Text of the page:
Edelbrock Pro-Flo Multi Point EFI System #3509
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Part II: Our Exhausting Saga Continues...
One of the first things I needed to do for this EFI install was replace the exhaust system. The old exhaust was a dual 2" system, and it was cooked to death. It was devised by Jim Black and his exhaust guy. Initially, Jim had wanted to install a long system that took the pipes forward through a set of glasspacks, then back through a set of mufflers. Unfortunately, the Transit has a massive transverse steel beam just forward of the engine that precluded running the pipes forward. The dual system (with crossover pipe) was a decent compromise, and was a nice improvement over the initial system.
Pity I didn't get a picture of the old system before it was removed. It only had about 10-12,000 miles on it, but it was shot. The folded and pressed mufflers had badly overheated and were "oilcanned." The innards were pretty much gone, too.
I thought I wanted the new system to be made of stainless steel. It turns out that stainless' main advantage over 'regular' steel is rust-out from short trips: condensation not getting baked out. Well, things not getting hot enough is not one of our problems! So for this system, stainless would just be extra expense.
I had imagined the new system would be much like the old one, albeit with better components (e.g., welded mufflers instead of folded/pressed ones, etc.). After discussing things with my exhaust guy (Scott Starck at Collins Muffler in Loveland, Colorado - "Family Owned Since 1958"), we decided on a 3-inch diameter single exhaust system instead. Current practice favors large single systems over duals. A single 3-inch exhaust system has a 12% greater area than a dual 2-inch system, while having 25% less wall surface area (less friction w/ the pipe wall).
The new system has the driver's side downpipe crossing under the engine and joining the passenger side downpipe into a single 3" pipe. This 3" pipe continues toward the passenger side of the bus, where it makes a 180 degree turn - using two mandrel bent aluminized quarter bends with full diameter all the way 'round. The pipe then crosses back under the engine and into a single 3" IMCO aluminized, welded steel muffler, where it exits straight out the driver's side through a 3-1/2" chrome turndown - rotated 45 degrees to the rear so that it doesn't point straight down to the ground and stir up the dust (too much, at least).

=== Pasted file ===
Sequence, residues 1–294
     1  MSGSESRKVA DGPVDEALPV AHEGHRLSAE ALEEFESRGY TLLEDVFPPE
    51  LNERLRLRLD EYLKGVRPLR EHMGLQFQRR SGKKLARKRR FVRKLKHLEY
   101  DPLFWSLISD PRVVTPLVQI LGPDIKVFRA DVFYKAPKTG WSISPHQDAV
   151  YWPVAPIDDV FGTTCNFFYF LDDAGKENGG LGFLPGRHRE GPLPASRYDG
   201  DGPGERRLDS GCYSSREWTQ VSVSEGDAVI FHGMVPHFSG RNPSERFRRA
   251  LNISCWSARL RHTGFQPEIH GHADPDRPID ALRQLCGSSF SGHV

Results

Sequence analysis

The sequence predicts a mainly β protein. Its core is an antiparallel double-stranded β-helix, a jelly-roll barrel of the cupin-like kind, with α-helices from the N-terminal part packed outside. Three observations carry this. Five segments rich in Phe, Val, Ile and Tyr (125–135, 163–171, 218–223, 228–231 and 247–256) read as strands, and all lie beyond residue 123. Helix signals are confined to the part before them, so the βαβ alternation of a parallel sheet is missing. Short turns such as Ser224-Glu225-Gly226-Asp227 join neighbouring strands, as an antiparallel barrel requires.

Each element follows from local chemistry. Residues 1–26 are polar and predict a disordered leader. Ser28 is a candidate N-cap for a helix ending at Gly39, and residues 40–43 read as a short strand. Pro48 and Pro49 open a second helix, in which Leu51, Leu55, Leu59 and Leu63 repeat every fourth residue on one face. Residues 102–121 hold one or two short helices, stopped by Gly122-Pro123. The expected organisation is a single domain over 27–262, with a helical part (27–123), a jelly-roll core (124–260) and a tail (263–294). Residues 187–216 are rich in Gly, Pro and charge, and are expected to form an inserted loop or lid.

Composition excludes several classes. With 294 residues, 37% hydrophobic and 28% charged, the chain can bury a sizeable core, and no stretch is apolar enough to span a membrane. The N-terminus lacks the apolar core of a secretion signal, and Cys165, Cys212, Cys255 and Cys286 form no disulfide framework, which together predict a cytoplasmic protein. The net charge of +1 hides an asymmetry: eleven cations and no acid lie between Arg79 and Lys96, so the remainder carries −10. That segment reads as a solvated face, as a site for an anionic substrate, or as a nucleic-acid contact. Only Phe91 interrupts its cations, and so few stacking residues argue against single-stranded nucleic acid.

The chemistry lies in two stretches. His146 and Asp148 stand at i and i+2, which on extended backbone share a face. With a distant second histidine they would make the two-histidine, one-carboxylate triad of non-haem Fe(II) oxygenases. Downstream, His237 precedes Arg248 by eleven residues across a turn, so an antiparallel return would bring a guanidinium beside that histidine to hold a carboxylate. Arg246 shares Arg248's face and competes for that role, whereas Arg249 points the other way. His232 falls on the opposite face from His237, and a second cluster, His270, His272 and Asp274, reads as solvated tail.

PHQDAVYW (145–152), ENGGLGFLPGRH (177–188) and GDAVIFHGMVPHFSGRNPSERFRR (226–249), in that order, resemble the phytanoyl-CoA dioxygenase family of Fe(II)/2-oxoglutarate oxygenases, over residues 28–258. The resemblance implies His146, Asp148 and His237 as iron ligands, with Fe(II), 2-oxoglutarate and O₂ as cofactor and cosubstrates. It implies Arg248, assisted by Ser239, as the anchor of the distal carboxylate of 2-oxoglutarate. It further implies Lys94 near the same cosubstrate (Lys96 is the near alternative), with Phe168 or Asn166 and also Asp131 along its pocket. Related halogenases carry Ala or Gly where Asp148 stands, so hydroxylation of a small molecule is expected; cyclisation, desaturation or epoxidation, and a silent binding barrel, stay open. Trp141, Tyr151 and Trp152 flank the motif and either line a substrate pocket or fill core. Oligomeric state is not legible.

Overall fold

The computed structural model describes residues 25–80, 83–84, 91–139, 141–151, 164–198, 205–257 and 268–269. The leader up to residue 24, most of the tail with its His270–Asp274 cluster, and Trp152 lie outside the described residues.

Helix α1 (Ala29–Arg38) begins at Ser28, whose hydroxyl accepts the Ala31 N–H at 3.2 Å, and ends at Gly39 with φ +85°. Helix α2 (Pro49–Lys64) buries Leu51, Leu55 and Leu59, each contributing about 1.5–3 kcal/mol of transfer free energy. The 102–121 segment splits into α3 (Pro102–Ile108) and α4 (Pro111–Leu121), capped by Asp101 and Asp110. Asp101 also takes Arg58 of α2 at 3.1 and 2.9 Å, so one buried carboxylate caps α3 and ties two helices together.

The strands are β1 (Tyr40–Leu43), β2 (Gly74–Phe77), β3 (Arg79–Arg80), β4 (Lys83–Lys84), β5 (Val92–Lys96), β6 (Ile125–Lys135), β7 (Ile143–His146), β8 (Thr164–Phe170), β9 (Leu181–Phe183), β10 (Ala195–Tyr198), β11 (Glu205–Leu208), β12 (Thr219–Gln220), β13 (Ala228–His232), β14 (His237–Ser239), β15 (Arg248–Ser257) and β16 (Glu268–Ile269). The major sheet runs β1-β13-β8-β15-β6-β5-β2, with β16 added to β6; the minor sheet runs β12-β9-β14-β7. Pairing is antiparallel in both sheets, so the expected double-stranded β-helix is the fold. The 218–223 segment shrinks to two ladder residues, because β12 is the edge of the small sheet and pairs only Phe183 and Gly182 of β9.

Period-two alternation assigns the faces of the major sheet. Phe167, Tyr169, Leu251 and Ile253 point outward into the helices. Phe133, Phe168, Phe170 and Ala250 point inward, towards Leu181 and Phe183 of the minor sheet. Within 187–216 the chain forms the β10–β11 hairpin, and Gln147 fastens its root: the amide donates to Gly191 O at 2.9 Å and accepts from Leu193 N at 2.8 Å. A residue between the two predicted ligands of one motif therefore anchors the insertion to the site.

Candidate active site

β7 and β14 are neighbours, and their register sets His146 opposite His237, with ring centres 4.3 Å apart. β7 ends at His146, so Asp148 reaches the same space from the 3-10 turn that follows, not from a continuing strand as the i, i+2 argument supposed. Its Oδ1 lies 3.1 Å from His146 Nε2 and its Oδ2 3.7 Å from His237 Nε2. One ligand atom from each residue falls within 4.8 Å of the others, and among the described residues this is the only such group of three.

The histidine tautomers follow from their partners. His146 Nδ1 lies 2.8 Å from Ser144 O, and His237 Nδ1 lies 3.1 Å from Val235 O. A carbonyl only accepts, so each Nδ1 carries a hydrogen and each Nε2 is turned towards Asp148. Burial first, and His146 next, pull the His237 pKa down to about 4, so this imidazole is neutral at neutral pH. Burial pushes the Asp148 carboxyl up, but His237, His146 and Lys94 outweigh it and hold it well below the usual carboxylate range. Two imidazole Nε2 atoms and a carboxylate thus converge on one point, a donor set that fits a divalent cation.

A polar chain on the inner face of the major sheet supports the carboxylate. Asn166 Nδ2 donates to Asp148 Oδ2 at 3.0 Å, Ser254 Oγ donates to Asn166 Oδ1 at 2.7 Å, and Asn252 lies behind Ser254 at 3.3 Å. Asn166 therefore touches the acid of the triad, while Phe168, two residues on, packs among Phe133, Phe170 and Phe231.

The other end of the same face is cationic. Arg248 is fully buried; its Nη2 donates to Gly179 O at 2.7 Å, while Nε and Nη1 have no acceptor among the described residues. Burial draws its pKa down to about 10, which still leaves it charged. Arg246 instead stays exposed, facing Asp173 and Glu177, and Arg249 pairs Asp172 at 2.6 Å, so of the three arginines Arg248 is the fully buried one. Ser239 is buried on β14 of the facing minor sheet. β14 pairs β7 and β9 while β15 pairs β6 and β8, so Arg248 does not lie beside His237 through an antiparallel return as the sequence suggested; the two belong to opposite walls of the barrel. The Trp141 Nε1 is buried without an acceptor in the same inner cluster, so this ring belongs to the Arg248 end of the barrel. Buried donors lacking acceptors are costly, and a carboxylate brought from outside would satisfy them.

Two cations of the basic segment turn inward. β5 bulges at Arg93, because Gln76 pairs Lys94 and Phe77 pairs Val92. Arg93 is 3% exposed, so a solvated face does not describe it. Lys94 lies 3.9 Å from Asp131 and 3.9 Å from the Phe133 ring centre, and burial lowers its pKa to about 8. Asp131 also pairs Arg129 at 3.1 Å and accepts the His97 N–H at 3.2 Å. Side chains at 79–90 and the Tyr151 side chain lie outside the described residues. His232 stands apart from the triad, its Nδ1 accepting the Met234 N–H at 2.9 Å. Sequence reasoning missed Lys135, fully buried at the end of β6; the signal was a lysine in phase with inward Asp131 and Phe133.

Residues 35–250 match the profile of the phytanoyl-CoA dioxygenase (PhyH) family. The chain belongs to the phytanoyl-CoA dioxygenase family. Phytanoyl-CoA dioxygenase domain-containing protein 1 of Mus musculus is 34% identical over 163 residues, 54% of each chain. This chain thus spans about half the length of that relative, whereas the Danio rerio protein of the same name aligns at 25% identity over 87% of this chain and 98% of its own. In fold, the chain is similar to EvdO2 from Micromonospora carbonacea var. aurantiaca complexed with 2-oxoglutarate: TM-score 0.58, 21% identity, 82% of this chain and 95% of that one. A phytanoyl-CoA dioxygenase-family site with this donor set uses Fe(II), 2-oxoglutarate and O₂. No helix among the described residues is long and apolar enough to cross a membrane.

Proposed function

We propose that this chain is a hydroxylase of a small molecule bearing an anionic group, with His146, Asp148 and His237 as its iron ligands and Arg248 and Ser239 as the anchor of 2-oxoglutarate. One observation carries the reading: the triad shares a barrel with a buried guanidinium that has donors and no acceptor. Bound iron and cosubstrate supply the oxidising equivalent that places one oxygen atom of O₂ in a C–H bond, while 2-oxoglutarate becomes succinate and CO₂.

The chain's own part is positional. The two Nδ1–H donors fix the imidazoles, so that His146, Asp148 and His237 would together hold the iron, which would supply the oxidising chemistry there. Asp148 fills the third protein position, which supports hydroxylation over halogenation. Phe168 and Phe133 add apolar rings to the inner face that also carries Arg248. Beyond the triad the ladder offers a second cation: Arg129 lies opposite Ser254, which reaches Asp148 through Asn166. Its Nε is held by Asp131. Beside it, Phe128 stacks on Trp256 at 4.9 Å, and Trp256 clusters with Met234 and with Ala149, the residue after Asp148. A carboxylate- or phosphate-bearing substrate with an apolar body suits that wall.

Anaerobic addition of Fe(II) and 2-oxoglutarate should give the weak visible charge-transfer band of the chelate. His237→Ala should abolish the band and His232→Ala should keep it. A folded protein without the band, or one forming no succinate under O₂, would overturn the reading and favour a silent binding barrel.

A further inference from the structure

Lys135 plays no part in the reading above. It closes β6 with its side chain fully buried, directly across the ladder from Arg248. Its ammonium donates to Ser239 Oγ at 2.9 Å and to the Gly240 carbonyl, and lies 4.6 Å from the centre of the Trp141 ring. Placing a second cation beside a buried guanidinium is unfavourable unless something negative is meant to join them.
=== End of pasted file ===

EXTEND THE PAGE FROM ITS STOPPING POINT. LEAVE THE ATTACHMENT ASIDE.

The idea is that both the 3" pipe and the longer 3" muffler are more free flowing than the dual 2" system. There will be less heat buildup in the muffler, in particular. Scott assures me that coupled with the longer exhaust path, this free flowing muffler should last "forever."
There are some items of note in the pictures. Notice the nicely crafted downpipes that curve to the rear. Each one has and oxygen (O2) sensor bung welded in. The passenger side O2 sensor is for a air/fuel mixture display; the driver's side sensor is for the new closed loop EFI system. The 3" outlet pipe from the muffler extends almost all the way through the chrome turndown, which should help keep it from discoloring so much from the heat.
Please don't pay attention to the oil and grease seemingly all over everything. The engine leaked quite a bit before it was rebuilt, and it's not much better now (Update: the major oil leak was caused by the engine rebuilder having folded a lip of the front main seal while installing the harmonic balancer. That has been fixed, and the engine no longer leaks). The chrome Moroso valve covers are being replaced with cast aluminum Mopar Performance Parts valve covers - hopefully that will slow down some of the leaks (Update: the passenger side Mopar valve cover worked fine, but the sealing surface on the driver's side head wasn't flat enough to work with those stiff covers. That side now has a Moroso anodized stamped aluminum cover that seals nicely). I'm getting the engine degreaser out tomorrow, in preparation for installing the new EFI system.
Stay tuned for Part III...
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